Huh. So that's an Instalanche. Interesting.
Anyways, I got a look at some of the Fall anime last night at Dave's. Not a particularly impressive batch, sad to say. The Summer fling with galfeltch is starting to look more like a torrid affair, and the opening themes continue what's beginning to look like a long and painful period of hip-hop "edginess".
Bleach is a passably decent supernatural-fighting-psychic manga, but the anime adaptation is slow and obvious. The art style of the manga just screamed "Seventies Punk", so the melange of bad music which composed the actual soundtrack was a big disappointment. It's just a bland execution of material which, while not being particularly brilliant in the original form, was at least a solid, stylistic and entertaining sample of the genre.
Mai HIME is the anime everybody was talking about before the season broke, and I don't quite see why. It's a Sunrise production, and as a result it's easily the stodgiest anime I've seen in years. Flat character designs, robotic relationships and dialog, and yet more fighting-psychic-teens. The little girl with the claymore so large that she has to repeatedly spin about, sparks flying as the tip gouges up everything around her, in order to bring it to bear in a fight was the one real saving-grace of this anime. I'll probably keep watching it, because it doesn't suck outright, but it's not exactly setting my world on fire.
Uta Kata is a dark magical-girl show with bleedingly obvious porn-computer-game character designs. Our doomed protagonist is lured into some sort of "promise" by a peer-group apparition in a haunted mirror in the old school building, and the apparition claims that she wants said protagonist to write her summer-break essay-assignment before the apparition goes back to magic-land. It's strange enough to keep watching, and surreal in a restrained, creepy fashion, but I have the feeling this isn't going anywhere good.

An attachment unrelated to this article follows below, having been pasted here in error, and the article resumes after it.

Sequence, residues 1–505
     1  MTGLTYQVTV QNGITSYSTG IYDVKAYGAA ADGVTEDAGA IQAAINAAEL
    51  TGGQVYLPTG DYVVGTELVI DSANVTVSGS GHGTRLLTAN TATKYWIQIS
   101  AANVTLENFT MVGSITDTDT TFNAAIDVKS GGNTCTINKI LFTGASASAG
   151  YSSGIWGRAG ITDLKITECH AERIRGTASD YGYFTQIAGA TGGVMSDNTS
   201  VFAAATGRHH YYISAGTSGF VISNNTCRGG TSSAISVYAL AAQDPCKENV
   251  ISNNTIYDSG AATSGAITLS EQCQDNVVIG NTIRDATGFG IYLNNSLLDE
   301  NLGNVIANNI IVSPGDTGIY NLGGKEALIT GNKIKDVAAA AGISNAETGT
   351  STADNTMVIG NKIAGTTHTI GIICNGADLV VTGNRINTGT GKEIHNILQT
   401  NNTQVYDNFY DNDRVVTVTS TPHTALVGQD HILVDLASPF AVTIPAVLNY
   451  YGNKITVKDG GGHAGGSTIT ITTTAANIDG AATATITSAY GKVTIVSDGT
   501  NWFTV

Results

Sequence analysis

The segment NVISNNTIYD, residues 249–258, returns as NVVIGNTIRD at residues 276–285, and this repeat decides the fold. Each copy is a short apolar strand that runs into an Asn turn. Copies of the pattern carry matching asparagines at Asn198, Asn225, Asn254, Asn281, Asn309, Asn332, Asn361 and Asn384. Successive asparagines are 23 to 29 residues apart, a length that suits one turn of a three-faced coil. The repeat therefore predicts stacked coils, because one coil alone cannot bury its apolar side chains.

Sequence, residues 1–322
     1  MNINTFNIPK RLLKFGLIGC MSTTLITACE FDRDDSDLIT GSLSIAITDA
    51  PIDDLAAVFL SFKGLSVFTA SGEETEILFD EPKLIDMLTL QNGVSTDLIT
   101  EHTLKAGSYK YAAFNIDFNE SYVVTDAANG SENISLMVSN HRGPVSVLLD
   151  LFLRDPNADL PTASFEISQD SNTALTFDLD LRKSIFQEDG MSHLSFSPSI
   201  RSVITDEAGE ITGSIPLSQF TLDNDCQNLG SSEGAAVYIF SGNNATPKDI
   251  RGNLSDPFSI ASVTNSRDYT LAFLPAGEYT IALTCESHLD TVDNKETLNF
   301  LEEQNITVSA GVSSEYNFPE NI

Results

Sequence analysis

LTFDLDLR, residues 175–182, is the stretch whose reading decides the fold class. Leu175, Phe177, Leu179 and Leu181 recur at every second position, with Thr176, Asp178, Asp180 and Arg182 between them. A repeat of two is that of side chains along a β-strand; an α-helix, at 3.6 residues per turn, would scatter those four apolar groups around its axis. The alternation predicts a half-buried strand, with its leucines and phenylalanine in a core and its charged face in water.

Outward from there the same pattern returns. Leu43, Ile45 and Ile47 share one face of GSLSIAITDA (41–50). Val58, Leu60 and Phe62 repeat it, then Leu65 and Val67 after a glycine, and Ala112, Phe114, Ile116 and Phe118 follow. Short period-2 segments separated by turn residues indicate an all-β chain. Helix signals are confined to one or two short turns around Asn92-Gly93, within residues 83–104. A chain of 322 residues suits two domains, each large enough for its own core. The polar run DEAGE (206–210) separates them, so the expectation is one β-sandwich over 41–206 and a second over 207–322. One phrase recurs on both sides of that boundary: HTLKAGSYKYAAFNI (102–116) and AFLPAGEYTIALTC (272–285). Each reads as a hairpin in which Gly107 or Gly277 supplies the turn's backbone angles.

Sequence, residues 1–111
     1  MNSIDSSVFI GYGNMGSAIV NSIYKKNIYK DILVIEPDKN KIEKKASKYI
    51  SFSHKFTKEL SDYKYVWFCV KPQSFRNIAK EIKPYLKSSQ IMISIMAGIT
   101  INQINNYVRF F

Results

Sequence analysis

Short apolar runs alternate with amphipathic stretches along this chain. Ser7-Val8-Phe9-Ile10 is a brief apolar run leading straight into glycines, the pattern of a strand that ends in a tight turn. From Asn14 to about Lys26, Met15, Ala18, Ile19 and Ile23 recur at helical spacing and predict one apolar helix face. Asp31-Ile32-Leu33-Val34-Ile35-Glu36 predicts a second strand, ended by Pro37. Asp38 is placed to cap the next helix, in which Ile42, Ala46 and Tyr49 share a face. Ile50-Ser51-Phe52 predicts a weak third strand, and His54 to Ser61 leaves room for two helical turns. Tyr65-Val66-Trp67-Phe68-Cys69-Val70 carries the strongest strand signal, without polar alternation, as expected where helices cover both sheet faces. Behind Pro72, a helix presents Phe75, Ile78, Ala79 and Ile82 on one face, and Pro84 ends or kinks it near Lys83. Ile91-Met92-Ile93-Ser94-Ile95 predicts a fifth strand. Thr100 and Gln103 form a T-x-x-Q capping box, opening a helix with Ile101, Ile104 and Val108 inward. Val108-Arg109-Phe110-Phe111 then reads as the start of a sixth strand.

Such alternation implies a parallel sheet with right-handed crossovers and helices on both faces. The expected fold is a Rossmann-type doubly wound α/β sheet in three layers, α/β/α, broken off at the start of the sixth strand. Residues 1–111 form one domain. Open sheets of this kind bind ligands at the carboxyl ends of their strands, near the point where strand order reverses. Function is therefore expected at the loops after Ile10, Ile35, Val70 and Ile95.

Kannaduki no Miko is just jaw-droppingly bad. It reminds me of Gravion in that sense - a bizarre, exploitative melange of stupid ideas thrown together at high velocity with little regard for pacing, continuity, or cohesion. The two high school lesbian protagonists are "miko" who are threatened by mecha-piloting "Orochi" villains, but there's a "burning youth" boy with his own Orochi-mecha who's going to protect them. The cool-love-interest miko is named Himemiya and hangs out in a suspiciously familiar rose garden; the high school looks a lot like the one in Marimite, and there's a passing reference to a Prince of Tennis. It's exactly as derivative as it sounds. We broke out laughing at the end of the show, from sheer embarrassment at having watched it in the first place.
The real stand-out, surprisingly enough, was an August show which somebody just started subbing, Space Symphony Maetel, a "side-story" from Galactic Express 999. Normally, Matsumoto shows drive me up a freaking wall, but the first episode of this was surprisingly excellent - it had cohesion, direction, passion, and the story made sense. I actually want to see more of it, which is more than I usually say of latter-day Matsumoto retreads. Best of all? No magical girls, no galfeltch, no harems, no fighting psychics. Very refreshing.
Friday, October 08, 2004
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